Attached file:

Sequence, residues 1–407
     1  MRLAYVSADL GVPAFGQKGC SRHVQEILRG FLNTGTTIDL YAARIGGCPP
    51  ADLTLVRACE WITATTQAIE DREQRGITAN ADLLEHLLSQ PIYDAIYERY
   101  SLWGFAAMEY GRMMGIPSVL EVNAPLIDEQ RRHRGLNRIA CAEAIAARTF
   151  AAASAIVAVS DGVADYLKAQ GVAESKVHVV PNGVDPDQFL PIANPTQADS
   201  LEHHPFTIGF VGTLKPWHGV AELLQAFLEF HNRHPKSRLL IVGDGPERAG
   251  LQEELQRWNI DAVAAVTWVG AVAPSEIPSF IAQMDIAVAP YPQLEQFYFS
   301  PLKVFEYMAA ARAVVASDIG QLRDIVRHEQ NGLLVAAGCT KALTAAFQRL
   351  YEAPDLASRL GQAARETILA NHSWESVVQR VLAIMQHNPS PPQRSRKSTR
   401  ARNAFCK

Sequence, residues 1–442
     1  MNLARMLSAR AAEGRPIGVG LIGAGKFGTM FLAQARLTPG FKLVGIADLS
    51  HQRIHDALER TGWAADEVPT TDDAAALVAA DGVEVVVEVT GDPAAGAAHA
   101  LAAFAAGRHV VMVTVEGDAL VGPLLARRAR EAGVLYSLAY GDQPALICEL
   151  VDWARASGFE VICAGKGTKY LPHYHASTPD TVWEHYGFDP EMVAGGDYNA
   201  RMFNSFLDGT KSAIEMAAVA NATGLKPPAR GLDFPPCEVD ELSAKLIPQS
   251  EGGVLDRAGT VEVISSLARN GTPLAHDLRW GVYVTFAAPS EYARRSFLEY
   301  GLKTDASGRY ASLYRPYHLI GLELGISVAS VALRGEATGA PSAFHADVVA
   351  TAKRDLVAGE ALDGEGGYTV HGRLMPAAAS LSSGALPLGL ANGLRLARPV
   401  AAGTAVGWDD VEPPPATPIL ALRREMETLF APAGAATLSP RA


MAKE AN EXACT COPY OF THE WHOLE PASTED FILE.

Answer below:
Sequence, residues 1–407
     1  MRLAYVSADL GVPAFGQKGC SRHVQEILRG FLNTGTTIDL YAARIGGCPP
    51  ADLTLVRACE WITATTQAIE DREQRGITAN ADLLEHLLSQ PIYDAIYERY
   101  SLWGFAAMEY GRMMGIPSVL EVNAPLIDEQ RRHRGLNRIA CAEAIAARTF
   151  AAASAIVAVS DGVADYLKAQ GVAESKVHVV PNGVDPDQFL PIANPTQADS
   201  LEHHPFTIGF VGTLKPWHGV AELLQAFLEF HNRHPKSRLL IVGDGPERAG
   251  LQEELQRWNI DAVAAVTWVG AVAPSEIPSF IAQMDIAVAP YPQLEQFYFS
   301  PLKVFEYMAA ARAVVASDIG QLRDIVRHEQ NGLLVAAGCT KALTAAFQRL
   351  YEAPDLASRL GQAARETILA NHSWESVVQR VLAIMQHNPS PPQRSRKSTR
   401  ARNAFCK

Sequence, residues 1–442
     1  MNLARMLSAR AAEGRPIGVG LIGAGKFGTM FLAQARLTPG FKLVGIADLS
    51  HQRIHDALER TGWAADEVPT TDDAAALVAA DGVEVVVEVT GDPAAGAAHA
   101  LAAFAAGRHV VMVTVEGDAL VGPLLARRAR EAGVLYSLAY GDQPALICEL
   151  VDWARASGFE VICAGKGTKY LPHYHASTPD TVWEHYGFDP EMVAGGDYNA
   201  RMFNSFLDGT KSAIEMAAVA NATGLKPPAR GLDFPPCEVD ELSAKLIPQS
   251  EGGVLDRAGT VEVISSLARN GTPLAHDLRW GVYVTFAAPS EYARRSFLEY
   301  GLKTDASGRY ASLYRPYHLI GLELGISVAS VALRGEATGA PSAFHADVVA
   351  TAKRDLVAGE ALDGEGGYTV HGRLMPAAAS LSSGALPLGL ANGLRLARPV
   401  AAGTAVGWDD VEPPPATPIL ALRREMETLF APAGAATLSP RA